Norway’s Statoil Makes South African Debut With ExxonMobil Deal

Norway’s Statoil Makes South African Debut With ExxonMobil Deal

Norwegian energy company Statoil said Thursday it has agreed to buy a 35 percent stake in South Africa’s Tugela South exploration license from U.S.-based ExxonMobil Corp  — its first venture in the country.

This will give Statoil a minority stake in the deepwater basin from Exxon Mobil, UPI reports.

Exxon Mobil is the world’s fourth-largest oil and gas company and the fifth-largest company in the world, earning $394.11 billion in revenue in 2014, according to Fortune. Statoil ranks No. 25 in the world of oil and gas companies, and is the 75th-largest company in the world, with 2014 revenue of $82.48 billion.

Falling oil prices and the dire state of Africa’s oil and gas industry do present opportunities for some, Mail&Guardian reported in August.

PwC’s Africa Oil and Gas Review 2015 found that many survey respondents were suffering because of the reduced prices, and were plagued by issues such as regulatory uncertainty and corruption.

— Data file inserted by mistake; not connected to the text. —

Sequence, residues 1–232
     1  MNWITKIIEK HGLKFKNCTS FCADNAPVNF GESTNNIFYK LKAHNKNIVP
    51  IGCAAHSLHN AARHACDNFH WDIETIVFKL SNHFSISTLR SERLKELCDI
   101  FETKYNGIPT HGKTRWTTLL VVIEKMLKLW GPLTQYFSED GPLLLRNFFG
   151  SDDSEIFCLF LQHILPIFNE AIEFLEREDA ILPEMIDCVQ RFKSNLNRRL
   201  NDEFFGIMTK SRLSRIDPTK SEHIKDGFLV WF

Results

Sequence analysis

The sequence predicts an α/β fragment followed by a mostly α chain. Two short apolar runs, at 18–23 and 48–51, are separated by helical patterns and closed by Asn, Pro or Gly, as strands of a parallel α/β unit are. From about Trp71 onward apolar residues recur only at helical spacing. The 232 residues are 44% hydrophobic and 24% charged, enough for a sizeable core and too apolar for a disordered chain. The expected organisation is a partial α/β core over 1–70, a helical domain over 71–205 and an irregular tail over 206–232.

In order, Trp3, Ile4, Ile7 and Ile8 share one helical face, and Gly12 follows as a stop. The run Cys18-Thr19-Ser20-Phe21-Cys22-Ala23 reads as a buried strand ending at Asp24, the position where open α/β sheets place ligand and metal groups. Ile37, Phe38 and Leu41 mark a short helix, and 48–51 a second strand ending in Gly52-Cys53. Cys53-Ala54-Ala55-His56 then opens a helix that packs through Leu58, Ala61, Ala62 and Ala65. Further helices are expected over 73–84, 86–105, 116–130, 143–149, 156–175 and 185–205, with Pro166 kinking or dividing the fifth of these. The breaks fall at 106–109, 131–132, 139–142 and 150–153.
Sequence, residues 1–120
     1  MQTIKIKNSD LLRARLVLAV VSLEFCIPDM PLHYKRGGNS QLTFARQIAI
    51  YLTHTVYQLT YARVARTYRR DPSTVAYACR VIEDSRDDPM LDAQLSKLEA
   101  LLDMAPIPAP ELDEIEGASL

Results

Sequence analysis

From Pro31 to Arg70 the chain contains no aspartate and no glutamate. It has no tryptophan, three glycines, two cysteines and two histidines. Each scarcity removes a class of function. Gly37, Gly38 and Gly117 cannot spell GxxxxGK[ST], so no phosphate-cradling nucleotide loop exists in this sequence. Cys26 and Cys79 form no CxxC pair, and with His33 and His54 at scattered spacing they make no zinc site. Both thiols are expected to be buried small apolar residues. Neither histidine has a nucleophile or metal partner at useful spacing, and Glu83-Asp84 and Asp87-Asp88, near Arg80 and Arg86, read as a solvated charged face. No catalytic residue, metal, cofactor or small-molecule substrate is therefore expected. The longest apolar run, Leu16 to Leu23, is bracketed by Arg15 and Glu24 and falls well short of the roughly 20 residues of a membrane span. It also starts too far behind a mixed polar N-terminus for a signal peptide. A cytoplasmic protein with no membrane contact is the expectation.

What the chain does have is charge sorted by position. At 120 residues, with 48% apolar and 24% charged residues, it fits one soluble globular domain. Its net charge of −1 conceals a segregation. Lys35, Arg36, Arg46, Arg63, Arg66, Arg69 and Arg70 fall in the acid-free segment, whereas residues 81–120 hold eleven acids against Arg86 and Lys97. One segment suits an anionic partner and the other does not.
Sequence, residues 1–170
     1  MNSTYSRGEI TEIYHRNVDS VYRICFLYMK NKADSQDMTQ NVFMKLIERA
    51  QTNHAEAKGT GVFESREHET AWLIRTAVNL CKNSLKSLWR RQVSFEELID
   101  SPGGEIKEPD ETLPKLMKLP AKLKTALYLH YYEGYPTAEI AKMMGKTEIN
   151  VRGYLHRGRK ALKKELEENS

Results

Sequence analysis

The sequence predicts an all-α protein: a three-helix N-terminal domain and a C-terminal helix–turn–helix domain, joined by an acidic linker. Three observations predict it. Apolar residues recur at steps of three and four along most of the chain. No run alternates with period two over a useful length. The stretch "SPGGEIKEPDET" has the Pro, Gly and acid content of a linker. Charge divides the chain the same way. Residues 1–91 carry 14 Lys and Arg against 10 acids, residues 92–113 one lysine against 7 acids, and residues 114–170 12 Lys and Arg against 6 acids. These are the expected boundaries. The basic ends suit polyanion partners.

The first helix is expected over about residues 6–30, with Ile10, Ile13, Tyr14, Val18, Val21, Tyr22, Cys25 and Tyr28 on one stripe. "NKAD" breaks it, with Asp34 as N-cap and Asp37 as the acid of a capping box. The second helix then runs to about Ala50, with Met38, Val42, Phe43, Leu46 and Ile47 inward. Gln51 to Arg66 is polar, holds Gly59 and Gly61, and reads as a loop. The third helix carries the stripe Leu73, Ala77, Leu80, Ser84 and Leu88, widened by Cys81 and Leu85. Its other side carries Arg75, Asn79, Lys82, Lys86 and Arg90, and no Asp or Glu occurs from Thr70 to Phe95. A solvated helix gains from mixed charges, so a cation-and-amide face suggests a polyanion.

But a few respondents said the lower oil price would enable increased exploration and development because contractor and rig costs were lower.

The Norwegian oil-and-gas company said it is studying potential reserves off the coast of South Africa for the first time.

Tugela South exploration basin covers about 3,500 square miles in depths are up to 1.1 miles.

South Africa has limited proven reserves of oil and natural gas, according to a report by the U.S. Environmental Protection Agency. The country may have “notable” shale gas reserves onshore, the U.S. Energy Information Administration has said. All the country’s estimated 15 million barrels of proved oil reserves are located offshore, UPI reports.

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Statoil did not disclose the cost of the transaction, and offered no estimate of the reserve potential in South Africa, UPI said.

Statoil is present in Angola, Tanzania, Algeria, and Nigeria, Capital reports.

“This opportunity is in line with Statoil’s exploration strategy of access at scale,” said Nick Maden, a regional vice president for Statoil, in a prepared statement. “It represents access into a frontier basin where we believe we see indications of an active petroleum system and which has impact potential.”

Statoil’s joint venture partners in the license include ExxonMobil, who is the operator and retains a 40 percent interest following the completion of the deal, and Impact Africa Limited, which holds the remaining 25 percent interest, Rigzone reports.

Work commitments in the license between 2015 and 2017 include the acquisition of 386 square miles of 3D seismic data and geology and geophysics studies, according to Rigzone. The next steps in the exploration will depend on information obtained from the seismic survey and initial studies.

Maden said the deal will strengthen Statoil’s long-term international portfolio.